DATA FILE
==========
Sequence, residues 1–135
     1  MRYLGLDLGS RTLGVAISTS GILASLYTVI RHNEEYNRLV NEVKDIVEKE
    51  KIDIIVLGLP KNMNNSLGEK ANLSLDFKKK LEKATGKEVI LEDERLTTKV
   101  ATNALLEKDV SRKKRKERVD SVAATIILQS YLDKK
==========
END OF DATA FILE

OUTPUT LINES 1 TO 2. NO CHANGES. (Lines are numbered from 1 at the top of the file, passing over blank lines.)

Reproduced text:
Sequence, residues 1–135
     1  MRYLGLDLGS RTLGVAISTS GILASLYTVI RHNEEYNRLV NEVKDIVEKE